Indianapolis landscapers should be considered hellscapers.

The funny thing about Indianapolis is how you can bump into people in ways like you might think of in a small town. I guess it’s not impossible a person in Chicago or New York might randomly see someone around town in the course of a day’s errands. But I think it happens more here.

To give you an example I met a guy for coffee one afternoon. I can’t even remember where or why I extended the invitation, but it was probably Facebook. After seeing this guy’s name in a few circles about some website work I figured it was worth a chat. I make it my business to know people in my business.

We meet for bad coffee and service at Mo Joe’s and we talk about the usual niceties. He’s from El Paso, Texas. Works for a local shop that makes websites for high end service groups. In both cases he’s simultaneously more southern and more webby than me. Which is annoying.

Before we go he mentions his boyfriend was at the table right behind me the whole time. Not coincidentally, of course, but we took a few moments to talk about his work. Turns out he’s interested in freelance architecture design that’s more approachable and affordable for average people.

We part ways and a few weeks later my ash tree in the front lawn dies. Those two facts aren’t related, but I also have no proof they aren’t.

And in the funny way Indianapolis ticks, I saw these two guys a couple more times. Once on my bike on the way home. Then again twice in one weekend at two distinctly different places miles apart from each other.

The whole time my ash tree continued its slow death slide into being a literal stick in the ground.

In pursuit of finding a guy to cut down and replace the tree I discovered that the people who cut down trees aren’t the people who put them in the ground. Those seem like obvious lateral business moves to me, but I’m not a lumberjack or a landscaper.

After finding a bunch of quotes from landscapers and tree removers in the range of $500-$1000, these were all far higher than I valued such a service. So applying a process I call “encouraging people to do it for less”, I managed to get a guy to do it for $375. Henson’s Landscaping did a fine job of chopping down the tree and grinding out the stump. I just wish I could have gotten them to give me ideas on the “landscaping” part of their name. But they never returned my call. Like about a dozen other places in town. It was starting to become a vast hellscape of broken promises. I wasn’t indicating anything other than “I have a house. I’d like some landscaping.”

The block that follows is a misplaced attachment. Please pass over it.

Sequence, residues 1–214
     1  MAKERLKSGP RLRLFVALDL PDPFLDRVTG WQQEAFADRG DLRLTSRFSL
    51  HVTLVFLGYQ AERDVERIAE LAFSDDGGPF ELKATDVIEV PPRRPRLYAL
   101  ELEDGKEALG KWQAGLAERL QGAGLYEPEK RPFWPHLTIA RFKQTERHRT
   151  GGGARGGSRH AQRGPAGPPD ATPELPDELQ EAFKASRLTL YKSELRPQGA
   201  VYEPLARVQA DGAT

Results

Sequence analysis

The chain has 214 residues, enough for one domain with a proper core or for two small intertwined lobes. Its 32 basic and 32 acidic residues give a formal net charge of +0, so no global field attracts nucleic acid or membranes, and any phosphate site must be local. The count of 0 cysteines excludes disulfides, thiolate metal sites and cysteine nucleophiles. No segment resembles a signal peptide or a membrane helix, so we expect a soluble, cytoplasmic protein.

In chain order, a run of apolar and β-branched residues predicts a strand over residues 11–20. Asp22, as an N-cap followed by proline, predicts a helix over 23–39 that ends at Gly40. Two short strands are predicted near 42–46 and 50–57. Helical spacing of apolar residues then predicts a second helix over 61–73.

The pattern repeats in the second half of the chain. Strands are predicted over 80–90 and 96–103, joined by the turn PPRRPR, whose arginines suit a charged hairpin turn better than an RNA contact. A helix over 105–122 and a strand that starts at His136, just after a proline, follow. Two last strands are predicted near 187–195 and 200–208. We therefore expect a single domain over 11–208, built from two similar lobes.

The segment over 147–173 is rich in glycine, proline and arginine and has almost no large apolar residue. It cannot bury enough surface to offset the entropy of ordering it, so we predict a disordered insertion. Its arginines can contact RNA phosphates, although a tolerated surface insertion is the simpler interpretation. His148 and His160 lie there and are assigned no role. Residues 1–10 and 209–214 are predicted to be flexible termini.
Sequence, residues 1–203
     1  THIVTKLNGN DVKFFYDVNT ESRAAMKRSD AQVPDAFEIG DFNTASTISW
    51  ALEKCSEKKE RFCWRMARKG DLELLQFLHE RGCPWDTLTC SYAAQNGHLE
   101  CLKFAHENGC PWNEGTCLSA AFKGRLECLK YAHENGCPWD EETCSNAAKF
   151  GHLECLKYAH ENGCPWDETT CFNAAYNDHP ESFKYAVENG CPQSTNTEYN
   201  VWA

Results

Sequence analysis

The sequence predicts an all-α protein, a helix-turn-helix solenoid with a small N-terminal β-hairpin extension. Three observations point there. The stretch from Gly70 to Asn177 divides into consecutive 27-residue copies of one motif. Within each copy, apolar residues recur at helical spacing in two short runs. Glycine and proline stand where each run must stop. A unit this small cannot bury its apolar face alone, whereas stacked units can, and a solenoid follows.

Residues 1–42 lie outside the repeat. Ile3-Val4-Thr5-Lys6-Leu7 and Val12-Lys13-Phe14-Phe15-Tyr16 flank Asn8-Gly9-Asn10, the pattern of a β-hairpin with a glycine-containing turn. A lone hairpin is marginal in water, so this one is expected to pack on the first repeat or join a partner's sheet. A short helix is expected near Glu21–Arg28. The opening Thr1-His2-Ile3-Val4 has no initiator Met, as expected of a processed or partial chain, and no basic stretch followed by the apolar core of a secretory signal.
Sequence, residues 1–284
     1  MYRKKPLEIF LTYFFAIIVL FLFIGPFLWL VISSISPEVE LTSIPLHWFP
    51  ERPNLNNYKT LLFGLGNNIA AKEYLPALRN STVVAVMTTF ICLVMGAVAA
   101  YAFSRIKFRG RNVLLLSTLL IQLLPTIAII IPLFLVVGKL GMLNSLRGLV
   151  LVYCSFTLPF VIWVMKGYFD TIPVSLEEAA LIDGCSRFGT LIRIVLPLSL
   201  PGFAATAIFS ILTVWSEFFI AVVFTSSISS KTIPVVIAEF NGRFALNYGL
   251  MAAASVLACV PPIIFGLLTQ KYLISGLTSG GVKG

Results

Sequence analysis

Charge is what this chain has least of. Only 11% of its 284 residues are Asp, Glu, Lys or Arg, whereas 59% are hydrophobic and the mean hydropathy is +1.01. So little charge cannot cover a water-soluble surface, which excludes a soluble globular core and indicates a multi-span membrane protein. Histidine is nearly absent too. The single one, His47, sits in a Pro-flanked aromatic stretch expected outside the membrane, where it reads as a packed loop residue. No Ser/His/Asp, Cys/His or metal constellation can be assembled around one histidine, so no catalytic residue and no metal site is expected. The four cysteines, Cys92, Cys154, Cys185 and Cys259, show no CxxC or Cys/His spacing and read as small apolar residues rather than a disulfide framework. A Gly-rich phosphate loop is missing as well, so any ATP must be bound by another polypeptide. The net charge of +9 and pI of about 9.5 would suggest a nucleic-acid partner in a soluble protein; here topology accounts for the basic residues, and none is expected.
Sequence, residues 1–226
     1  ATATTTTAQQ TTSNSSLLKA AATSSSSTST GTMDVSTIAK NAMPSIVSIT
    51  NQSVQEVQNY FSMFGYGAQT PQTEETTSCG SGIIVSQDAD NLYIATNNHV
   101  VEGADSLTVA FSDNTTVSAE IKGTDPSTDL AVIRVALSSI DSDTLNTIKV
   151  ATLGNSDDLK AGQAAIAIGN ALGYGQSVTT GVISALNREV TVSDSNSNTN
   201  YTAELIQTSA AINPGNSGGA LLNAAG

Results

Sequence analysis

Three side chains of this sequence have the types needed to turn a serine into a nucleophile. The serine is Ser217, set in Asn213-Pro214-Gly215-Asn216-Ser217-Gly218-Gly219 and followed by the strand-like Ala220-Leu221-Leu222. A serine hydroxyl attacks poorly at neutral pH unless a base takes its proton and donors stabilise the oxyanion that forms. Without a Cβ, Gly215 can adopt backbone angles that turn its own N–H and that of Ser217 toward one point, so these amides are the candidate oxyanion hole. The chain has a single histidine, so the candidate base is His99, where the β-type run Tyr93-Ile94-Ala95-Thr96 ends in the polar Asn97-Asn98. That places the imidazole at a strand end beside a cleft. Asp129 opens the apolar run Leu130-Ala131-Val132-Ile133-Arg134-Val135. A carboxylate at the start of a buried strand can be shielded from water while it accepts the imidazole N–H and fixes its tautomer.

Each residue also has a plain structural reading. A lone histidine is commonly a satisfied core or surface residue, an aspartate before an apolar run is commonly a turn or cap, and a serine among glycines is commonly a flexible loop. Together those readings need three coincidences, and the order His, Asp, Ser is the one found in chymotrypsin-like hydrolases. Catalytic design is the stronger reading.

So I turn to calling all kinds of places for quotes on landscaping. All the ones that showed up in trucks with logos on them were immediately out of the running. Too pricey with too much overhead. I know how much guys like me cost, and someone has to pay that logo designer.

And in step with Indianapolis’ modus operandi, these two guys I met for coffee popped in my head. “I bet they know people who know things about trees.”

Turns out they know things about trees. Joey Ponce and Brian Burtch, both operating under the banner of “City in Green” came out to the house and gave me 100% more than at least a dozen other places around here would: in that they actually came to the house and gave me a quote. No other landscaper seemed to bother giving me the quote or showing up when scheduled. Brian’s a licensed architect with his firm NEON Architecture, so the quote even had schematics of my house and property lot. Which was both helpful and creepy.

I like hiring people who operate at small scale. They care more and are way more affordable, but are the hardest to find. I got lucky bumping into these guys.

Brian and Joey gave me an estimate, they stuck to it, and we were able to split things into phases to meet the seasons and my budget. This weekend they came out and replaced the death hole in my front lawn with three new trees. A red maple, dogwood, and eastern redbud. They’ll grow quickly, look good, and they’re not ash trees, so they stand a solid chance of not being eaten alive by supper.

City in Green's first project

Next spring we’ll throw down phase two: a mulch bed off the front of the house with native grasses and plants. And by “we” I mean them while I stand around remembering how much I don’t like to be dirty and Jeremiah makes dinner.

As it turns out this was their first landscaping project. You should be their second. Because this is how Indianapolis works and and stays looking nice.

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